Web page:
International Meeting for Autism Research: Validation of the Autism Spectrum Screening Scale (ASSQ), Mandarin Chinese Version

Validation of the Autism Spectrum Screening Scale (ASSQ), Mandarin Chinese Version

Thursday, May 20, 2010
Franklin Hall B Level 4 (Philadelphia Marriott Downtown)
9:00 AM
Y. Guo , Institute of Mental Health, Peking University Health Science Center, Beijing, China
Y. Tang , Human Genetics, Emory University, Atlanta, GA
C. E. Rice , Centers for Disease Control and Prevention, National Center on Birth Defects and Developmental Disabilities, Atlanta, GA
L. C. Lee , Department of Epidemiology, Johns Hopkins Bloomberg School of Public Health, Baltimore
Y. F. Wang , Institute of Mental Health, Peking University Health Science Center, Beijing, China
J. Cubells , Human Genetics, Psychiatry and Behavioral Sciences, Emory University, Atlanta, GA
Background: International studies of Autism Spectrum Disorders (ASDs) require development of linguistically and culturally appropriate screening and diagnostic instruments. The Autism Spectrum Screening Scale (ASSQ) is a 27-item checklist originally developed in Sweden and published in English for assessments of Asperger syndrome and other high-functioning ASDs. The utility in Chinese-speaking populations has yet to be established.

Objectives: As a first step in establishing the validity of a Mandarin Chinese translation of the ASSQ, this study screened children in several psychiatric diagnostic groups, as well as unaffected children using the Chinese ASSQ.

Methods: The ASSQ was initially translated by two native-speaking experts (Y-LT, Y-QG) and pilot data were collected.  We then recruited children diagnosed with ASD, attention deficit/hyperactivity disorder (ADHD), childhood-onset schizophrenia (SCZ) (DSM-IV diagnoses made independently by two senior psychiatrists) from the Institute of Mental Health, Peking University, and children attending a public school in Beijing. Their parents were asked to complete the ASSQ. As part of the pilot phase, the instrument was further refined through back-translation making minor changes that two native-speaking experts (Y-LT and L-CL) and two English-speaking experts (CR, JFC) felt would make the translation more culturally appropriate while maintaining the clinical meaning of the items. Procedures were approved by the Ethics Committee of the Sixth Hospital, Peking University Health Science Center.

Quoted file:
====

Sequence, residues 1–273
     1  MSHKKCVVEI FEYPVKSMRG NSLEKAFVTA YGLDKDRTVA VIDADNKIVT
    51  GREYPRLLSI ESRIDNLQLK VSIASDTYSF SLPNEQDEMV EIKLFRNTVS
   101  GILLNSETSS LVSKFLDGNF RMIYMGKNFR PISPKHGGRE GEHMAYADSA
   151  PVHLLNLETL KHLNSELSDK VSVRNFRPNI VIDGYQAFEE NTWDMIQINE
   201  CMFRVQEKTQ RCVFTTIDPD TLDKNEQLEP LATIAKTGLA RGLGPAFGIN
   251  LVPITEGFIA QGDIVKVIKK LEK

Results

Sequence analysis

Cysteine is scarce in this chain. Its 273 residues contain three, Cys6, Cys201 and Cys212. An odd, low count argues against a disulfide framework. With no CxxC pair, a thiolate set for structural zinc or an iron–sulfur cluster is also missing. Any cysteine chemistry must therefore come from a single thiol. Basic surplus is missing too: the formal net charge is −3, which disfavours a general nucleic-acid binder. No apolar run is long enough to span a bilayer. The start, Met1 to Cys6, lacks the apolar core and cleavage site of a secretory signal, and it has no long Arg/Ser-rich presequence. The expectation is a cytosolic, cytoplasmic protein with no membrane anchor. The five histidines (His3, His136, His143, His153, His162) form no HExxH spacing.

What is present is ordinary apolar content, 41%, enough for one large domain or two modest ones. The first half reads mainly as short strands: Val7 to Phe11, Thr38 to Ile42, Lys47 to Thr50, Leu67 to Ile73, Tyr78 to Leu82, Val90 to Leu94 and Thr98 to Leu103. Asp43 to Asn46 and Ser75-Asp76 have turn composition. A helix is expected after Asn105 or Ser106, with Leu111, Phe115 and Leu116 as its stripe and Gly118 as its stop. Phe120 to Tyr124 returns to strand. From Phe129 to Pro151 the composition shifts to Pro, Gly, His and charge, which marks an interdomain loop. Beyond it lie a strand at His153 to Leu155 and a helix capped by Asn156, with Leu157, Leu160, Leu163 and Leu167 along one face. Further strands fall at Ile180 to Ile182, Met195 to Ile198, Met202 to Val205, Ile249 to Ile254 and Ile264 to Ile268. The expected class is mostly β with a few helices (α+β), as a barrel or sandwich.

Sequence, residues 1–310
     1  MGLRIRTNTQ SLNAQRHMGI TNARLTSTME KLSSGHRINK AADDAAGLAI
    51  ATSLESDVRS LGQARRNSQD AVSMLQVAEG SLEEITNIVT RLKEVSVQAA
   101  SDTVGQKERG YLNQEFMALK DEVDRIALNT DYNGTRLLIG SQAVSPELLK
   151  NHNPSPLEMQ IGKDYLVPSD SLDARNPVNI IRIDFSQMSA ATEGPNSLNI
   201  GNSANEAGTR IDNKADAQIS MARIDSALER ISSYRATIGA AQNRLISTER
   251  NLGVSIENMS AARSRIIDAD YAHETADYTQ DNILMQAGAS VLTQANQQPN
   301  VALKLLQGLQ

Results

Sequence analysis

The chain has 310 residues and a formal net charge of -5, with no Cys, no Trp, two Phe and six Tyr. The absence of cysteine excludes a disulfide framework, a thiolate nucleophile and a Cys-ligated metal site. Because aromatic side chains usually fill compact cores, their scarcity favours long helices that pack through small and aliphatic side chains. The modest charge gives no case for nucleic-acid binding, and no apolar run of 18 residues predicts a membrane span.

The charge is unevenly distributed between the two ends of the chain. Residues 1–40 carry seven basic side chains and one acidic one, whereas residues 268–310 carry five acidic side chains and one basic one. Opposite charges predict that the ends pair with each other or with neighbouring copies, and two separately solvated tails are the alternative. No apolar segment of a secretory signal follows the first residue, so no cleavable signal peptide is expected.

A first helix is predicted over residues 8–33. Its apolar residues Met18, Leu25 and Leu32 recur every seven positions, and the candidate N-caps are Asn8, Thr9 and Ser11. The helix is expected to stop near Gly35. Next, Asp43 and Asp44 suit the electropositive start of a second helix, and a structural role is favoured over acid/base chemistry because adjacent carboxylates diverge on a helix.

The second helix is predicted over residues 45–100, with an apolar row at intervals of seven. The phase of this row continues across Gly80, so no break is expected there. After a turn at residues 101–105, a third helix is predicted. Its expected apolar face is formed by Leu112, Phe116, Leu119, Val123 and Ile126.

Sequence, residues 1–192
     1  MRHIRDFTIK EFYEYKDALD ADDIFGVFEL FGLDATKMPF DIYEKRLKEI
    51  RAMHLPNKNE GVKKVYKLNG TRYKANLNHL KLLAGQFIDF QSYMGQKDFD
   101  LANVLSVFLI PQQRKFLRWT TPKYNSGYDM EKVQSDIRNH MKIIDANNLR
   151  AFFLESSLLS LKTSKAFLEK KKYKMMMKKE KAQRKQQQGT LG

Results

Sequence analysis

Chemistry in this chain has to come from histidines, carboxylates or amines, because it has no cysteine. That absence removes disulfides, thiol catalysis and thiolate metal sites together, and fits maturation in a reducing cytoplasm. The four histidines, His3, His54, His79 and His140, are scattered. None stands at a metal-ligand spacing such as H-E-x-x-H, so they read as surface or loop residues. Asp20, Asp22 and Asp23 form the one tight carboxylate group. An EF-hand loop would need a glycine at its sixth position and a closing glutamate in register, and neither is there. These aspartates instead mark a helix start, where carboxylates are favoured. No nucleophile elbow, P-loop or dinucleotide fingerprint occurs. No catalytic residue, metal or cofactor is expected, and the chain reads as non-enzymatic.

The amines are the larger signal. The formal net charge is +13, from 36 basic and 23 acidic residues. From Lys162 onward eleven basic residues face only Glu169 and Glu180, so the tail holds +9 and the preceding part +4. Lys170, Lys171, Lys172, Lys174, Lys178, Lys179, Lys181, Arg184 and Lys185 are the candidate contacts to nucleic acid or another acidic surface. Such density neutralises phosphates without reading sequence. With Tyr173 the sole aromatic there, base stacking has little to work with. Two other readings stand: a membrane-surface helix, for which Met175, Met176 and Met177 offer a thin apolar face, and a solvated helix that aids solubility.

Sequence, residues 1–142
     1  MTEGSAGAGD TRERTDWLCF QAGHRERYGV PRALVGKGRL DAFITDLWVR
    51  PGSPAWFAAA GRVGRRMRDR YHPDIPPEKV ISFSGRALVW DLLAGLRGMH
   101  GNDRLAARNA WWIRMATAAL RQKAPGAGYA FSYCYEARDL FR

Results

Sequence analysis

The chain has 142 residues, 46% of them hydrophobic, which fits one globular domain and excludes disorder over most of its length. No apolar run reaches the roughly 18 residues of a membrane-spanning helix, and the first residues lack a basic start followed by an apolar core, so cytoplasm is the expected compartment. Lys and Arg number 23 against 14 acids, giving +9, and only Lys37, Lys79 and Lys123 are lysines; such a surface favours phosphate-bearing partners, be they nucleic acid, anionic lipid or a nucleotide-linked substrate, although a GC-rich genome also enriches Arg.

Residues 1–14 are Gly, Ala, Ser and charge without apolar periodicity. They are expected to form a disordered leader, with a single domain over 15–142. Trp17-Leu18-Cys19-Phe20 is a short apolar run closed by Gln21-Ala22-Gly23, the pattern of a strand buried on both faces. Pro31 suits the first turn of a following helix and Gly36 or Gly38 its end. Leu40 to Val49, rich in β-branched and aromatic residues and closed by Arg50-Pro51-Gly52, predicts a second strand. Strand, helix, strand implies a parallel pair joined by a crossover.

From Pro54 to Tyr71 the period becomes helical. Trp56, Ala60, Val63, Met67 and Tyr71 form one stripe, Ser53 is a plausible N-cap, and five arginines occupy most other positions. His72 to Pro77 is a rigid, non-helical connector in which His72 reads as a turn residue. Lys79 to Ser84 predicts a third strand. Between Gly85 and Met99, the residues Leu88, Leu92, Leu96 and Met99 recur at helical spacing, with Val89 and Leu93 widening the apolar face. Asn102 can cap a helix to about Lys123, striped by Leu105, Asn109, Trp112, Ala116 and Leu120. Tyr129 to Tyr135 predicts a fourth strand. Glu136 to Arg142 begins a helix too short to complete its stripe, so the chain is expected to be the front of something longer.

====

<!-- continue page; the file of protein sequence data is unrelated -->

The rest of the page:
Results: Data from the parents of 94 children with ASD (mean age: 81+/142 months), 45 with ADHD (110+/-27 months), 26 with SCZ (166+/-36 months), and 20 unaffected control (104+/-13 months) were collected. The total scores of ASSQ in children with ASD, ADHD, SCZ, and unaffected controls were 25.4+/-9.0, 10.1+/-6.4, 12.1+/9.3, and 4.3+/-5.0 respectively. Total ASSQ scores of children with ASD were significantly higher than in any other group (all p<0.0001). Receiver-Operating Characteristic (ROC) analysis showed the area under curve was 0.982, with a cutoff score of 11 having the maximum sensitivity (0.98) and specificity (0.90).

Conclusions: Our pilot data of the Chinese translation of the ASSQ successfully differentiated clinically diagnosed ASD from unaffected controls. A total score of 11 as the cut-off score has the highest sensitivity and specificity (ASD vs unaffected controls). While children with other clinical psychiatric diagnoses had higher scores than the affected controls, children with ASD had significantly higher scores compared to any group. Our results suggest the Chinese ASSQ may be a useful component of a strategy for screening for ASD in situations where time consuming expert evaluation is not practical. Work is under way to replicate and extend the results reported here.

CDC disclaimer:  The findings and conclusions in this report are those of the author(s) and do not necessarily represent the official position of the Centers for Disease Control and Prevention.

See more of: Communication
See more of: Autism Symptoms